These recitations were relied upon by the Government to support its finding that pursuant to 971(c) the ephedrine proposed to be imported may be diverted for the illicit production of a controlled substance. The Government contends that evidence supporting these recitations would be sufficient to show that the listed chemicals may be diverted.

The Deputy Administrator finds that based upon the evidence in the record, the listed chemicals ephedrine and pseudoephedrine are marketed in prescription and over-the-counter drug products which have legitimate therapeutic uses as a bronchodilator and nasal decongestant, respectively.

The Deputy Administrator also finds that, over the past decades, DEA has been engaged in enforcement and regulatory activity to control the large-scale diversion of chemicals, including ephedrine and pseudoephedrine, into the illicit manufacture of controlled substances. The controlled substance methamphetamine is easily produced in clandestine laboratories using either ephedrine or pseudoephedrine. The process of manufacturing methamphetamine is easily accomplished with minimal equipment and readily available chemical supplies.

The Controlled Substances Act has always prohibited the illicit (i.e. without a DEA registration) manufacture of controlled substances. The earliest illicit methamphetamine laboratories used the freely available chemical P2P to produce methamphetamine, until that substance was itself scheduled as a controlled substance. In the 1980's, methamphetamine laboratories increasingly began to switch to an ephedrine process. The Chemical Diversion and Trafficking Act of 1988 (CDTA), Public Law 100-690, established the basic scheme of chemical regulation and imposed reporting and record keeping and import/export notification requirements on certain regulated transactions involving chemicals, including bulk ephedrine. Those listed chemicals contained in drug products were exempted at that time.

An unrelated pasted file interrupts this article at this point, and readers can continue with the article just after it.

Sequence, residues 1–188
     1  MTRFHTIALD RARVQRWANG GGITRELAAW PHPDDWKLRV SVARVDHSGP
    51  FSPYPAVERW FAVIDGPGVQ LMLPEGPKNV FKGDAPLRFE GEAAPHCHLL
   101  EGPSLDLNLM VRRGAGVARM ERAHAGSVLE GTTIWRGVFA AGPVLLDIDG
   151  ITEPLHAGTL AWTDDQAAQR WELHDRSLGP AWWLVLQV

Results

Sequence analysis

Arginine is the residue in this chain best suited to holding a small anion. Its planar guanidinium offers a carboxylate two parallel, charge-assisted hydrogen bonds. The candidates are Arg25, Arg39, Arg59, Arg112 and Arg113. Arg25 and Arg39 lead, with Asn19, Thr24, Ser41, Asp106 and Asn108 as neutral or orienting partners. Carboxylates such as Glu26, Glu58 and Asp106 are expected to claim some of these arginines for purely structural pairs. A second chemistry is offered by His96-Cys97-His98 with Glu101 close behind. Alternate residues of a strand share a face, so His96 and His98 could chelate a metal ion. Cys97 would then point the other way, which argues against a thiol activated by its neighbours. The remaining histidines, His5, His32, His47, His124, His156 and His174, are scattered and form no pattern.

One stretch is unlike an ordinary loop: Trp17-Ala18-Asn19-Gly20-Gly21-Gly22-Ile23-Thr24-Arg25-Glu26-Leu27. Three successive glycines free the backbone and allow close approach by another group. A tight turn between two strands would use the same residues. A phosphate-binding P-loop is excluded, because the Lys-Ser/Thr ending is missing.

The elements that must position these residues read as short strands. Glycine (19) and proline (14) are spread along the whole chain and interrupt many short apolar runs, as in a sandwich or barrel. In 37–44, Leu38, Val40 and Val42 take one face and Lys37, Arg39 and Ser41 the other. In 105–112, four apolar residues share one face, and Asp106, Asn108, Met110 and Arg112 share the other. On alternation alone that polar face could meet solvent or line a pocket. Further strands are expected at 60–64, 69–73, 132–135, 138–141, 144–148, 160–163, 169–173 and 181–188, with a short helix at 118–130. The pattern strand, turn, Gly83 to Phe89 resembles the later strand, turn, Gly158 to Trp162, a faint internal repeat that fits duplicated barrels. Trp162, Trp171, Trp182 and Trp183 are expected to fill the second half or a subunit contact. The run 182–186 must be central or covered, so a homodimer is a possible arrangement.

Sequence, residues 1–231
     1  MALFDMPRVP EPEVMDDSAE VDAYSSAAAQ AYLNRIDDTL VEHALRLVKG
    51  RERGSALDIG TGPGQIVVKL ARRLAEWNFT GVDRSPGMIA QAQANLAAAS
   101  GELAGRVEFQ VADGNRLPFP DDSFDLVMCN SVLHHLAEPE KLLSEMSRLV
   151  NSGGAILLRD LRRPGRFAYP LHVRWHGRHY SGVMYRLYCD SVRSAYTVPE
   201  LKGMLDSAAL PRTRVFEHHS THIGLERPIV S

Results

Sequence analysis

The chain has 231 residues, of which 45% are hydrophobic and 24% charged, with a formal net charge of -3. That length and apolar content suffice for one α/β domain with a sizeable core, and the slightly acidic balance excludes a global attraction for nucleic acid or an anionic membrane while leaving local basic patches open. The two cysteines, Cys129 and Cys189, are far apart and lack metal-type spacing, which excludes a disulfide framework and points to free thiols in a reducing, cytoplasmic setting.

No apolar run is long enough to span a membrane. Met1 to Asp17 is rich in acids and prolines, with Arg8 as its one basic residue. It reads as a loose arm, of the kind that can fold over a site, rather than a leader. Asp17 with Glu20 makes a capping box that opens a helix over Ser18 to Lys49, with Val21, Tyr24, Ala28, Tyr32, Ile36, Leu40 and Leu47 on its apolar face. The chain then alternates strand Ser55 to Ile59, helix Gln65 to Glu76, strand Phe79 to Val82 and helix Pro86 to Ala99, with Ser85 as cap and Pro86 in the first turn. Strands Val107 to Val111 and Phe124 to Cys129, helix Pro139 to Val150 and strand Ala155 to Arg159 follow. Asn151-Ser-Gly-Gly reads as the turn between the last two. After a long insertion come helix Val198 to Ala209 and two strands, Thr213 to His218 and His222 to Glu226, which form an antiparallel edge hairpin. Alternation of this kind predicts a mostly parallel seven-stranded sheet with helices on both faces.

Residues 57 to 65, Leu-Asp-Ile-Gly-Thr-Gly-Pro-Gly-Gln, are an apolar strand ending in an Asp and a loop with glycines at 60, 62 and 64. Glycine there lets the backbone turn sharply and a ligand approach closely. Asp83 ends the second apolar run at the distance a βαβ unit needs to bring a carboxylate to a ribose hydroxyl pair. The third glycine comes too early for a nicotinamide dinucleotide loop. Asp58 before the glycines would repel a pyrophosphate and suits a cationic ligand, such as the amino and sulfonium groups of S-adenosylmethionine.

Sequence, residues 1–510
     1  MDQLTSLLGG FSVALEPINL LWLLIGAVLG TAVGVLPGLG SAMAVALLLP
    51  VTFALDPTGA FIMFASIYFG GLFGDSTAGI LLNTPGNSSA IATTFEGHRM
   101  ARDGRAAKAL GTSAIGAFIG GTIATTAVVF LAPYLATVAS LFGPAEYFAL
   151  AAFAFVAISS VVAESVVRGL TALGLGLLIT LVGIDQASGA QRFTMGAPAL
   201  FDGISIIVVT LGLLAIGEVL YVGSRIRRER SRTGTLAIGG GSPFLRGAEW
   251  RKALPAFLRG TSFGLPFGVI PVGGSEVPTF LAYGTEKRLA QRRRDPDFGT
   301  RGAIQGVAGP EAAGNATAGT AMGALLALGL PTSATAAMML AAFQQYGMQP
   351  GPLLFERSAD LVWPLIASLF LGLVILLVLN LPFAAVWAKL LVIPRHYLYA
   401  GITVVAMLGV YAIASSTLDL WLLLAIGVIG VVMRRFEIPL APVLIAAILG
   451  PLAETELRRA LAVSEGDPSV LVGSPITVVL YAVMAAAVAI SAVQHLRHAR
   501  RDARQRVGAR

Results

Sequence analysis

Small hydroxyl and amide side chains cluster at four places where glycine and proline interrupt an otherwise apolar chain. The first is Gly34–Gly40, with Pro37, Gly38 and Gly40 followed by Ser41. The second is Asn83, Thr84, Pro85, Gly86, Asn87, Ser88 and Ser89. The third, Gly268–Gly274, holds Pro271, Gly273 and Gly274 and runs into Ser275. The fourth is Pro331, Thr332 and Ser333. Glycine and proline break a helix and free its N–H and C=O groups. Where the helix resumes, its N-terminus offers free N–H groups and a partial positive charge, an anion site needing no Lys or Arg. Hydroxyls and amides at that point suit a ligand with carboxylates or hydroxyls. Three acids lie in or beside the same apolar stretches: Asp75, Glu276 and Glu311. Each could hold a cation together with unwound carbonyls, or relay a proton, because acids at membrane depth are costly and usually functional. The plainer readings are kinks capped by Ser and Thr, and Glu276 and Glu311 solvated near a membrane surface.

In response to these controls, illicit methamphetamine laboratories began to switch to tableted “single entity” ephedrine as a raw material. The Domestic Chemical Diversion Control Act of 1993 (DCDCA), Public Law 103-200, was then crafted to close the ephedrine “loophole” by removing the exemption for “single entity” ephedrine products, and lowering its sales threshold. In addition, the DCDCA initiated a registration requirement for handlers of List I chemicals.

Subsequently, illicit laboratories shifted to pseudoephedrine and combination ephedrine drug products as sources of raw material, prompting the passage of the Comprehensive Methamphetamine Control Act of 1996 (MCA), Public Law 104-237, to establish additional controls and quantity thresholds for reporting transactions regarding listed chemicals. The MCA also established a Suspicious Orders Task Force in part to assist in alerting the chemical industry to the many devices used by individuals who seek to divert large quantities of listed chemicals and listed chemical products into the illicit manufacture of controlled substances.

The Deputy Administrator finds that evidence was presented at the hearing to include certain data gathered from law enforcement sources and analyzed by DEA. This information demonstrated that seizures involving illicit methamphetamine laboratories have been increasing in recent years. For example, DEA methamphetamine laboratory-related seizures grew from 263 to more than 2,000 over the period from 1994 to 1999.